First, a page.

Naval Postgraduate Dental School
Clinical Update National Naval Medical Center
8901 Wisconsin Ave
Bethesda, Maryland 20889-5600
Vol. 29, No. 5 2007
Dental management of the PPD positive tuberculin skin test patient
Lieutenant Anthony L. Davis, DC, USN, Lieutenant Matthew Bruzek, DC, USN, Captain Elaine Winegard, DC, USN, and
Commander Charles Paddock, DC, USN
“Tuberculosis (TB) is a disease caused by a microorgan- very low conversion rate among second round personnel,
ism called Mycobacterium tuberculosis.”1 If not treated additional efforts to locate and screen personnel lost to fol-
properly, TB disease can be fatal. TB is spread through low-up are not recommended.”2
the air when a person with active TB disease of the “The civilian contact investigation has also reached com-
lungs or throat coughs or sneezes. Not everyone infect- pletion. 1170 of the 1172 (99.8 percent) identified civilian
ed with TB bacteria develops TB disease. People who guest riders were contacted and initial screening results were
are infected but do not have TB disease are diagnosed voluntarily provided by 45 percent of the civilian guests
with Latent TB Infection (LTBI). This population of (532 of 1172). Of the 38 civilian guests designated as close
infected people may not feel sick or exhibit any symp- contacts of the index case, one was a self-reported prior pos-
toms. But, some people with latent TB infection even- itive and wasn’t retested, and 35 of the remaining 37 (95
tually develop TB disease. TB bacteria become active if percent) completed an initial test. Of the 35, there was one
the immune system can’t stop them from growing.1 documented new positive (3 percent), one prior positive who
The presentation of TB disease depends on where in was erroneously retested, and 33 were negative. Of the 33
the body the TB bacteria are growing. TB bacteria usu- with a negative result, 24 (73 percent) completed a second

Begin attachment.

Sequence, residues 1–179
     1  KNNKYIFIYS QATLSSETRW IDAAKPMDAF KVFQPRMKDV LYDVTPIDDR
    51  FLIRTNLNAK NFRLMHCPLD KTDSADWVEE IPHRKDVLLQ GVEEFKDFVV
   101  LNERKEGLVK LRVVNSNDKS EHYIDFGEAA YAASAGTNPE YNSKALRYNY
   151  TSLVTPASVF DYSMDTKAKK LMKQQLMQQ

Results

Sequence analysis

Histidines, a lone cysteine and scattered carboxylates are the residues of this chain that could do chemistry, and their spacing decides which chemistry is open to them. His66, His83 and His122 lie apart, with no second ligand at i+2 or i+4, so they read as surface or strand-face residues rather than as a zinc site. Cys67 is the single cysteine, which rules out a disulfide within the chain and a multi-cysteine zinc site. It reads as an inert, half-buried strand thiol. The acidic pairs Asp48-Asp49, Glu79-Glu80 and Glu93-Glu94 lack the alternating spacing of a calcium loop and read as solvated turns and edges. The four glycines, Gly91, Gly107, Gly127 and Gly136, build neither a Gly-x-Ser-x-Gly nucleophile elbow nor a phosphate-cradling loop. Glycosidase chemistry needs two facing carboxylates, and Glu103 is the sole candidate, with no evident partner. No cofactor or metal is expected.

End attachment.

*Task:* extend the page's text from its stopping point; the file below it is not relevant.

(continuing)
ally grow in the lungs. “TB in the lungs may cause test and all were negative. Because of the low risk among
symptoms such as: this close-contact group, it was decided to recommend no
a bad cough lasting 3 weeks or longer further screening of the other civilian guests.”2
pain in the chest “No additional cases of active TB were found in any
coughing up blood or sputum crew member or civilian guest who was aboard the ship. No
Other symptoms of active TB disease include weakness, additional screening is recommended except for those who
fatigue, weight loss, loss of appetite, chills, fever, and have been designated as ‘close contacts’ of the index case.”2
nightsweats.”1 Although the total percentage of infected personnel is rela-
tively low, the serious nature of reporting and managing this
Case report incident is demonstrated by the prompt response of the
“A sailor assigned to Carrier Air Wing (CVW) 14, at- Commanding Officer and medical/research personnel.
tached to USS Ronald Reagan (CVN 76), was admitted
to Naval Medical Center San Diego on July 14, 2006 Management of patients with positive tuberculosis skin
with active Tuberculosis. The sailor began treatment tests (TST)
with antibiotics and was placed in quarantine until no Upon conducting a medical history on patients who present
longer considered to be infectious.”2 for dental treatment, a patient who reports a recent positive
Because the TB-infected sailor had been aboard the ship TST and has never received medical treatment should be re-
and was a potential source of exposure, all embarked ferred promptly for a medical evaluation to determine possi-
personnel had to be screened for TB. “The initial ble infectiousness. Standard Form 513 should be completed
screening for TB, which began on July 18, 2006, includ- and should remain in the patient’s dental record. Such pa-
ed selected air wing and ship personnel and civilian tients should not remain in the dental-care facility any longer
guests and revealed that approximately 4.4 percent (34 than required to evaluate their dental condition and arrange a
of 776) of the subjects tested positive for TB.”2 referral. While in the dental health-care facility, the patient
A second round of TB screening for shipboard and should be isolated from other patients and dental health-care
air wing personnel was completed shortly thereafter. providers, wear a surgical mask when not being evaluated,
“Ninety-four point one percent of the 4977 Naval per- or be instructed to cover their mouth and nose when cough-
sonnel exposed during this incident completed the se- ing or sneezing. Patients should be cleared by their physi-
cond round of screening. To date, a total of 139 Naval cian to receive dental treatment and to take the prescribed
personnel have been diagnosed with LTBI. Due to the
medication prior to receiving any elective dental treat-
Patient w/ Positive TST and No Hx of Completed
ment.3-5 Medical Tx Requiring Elective Dental Treatment
If urgent dental care must be provided for a patient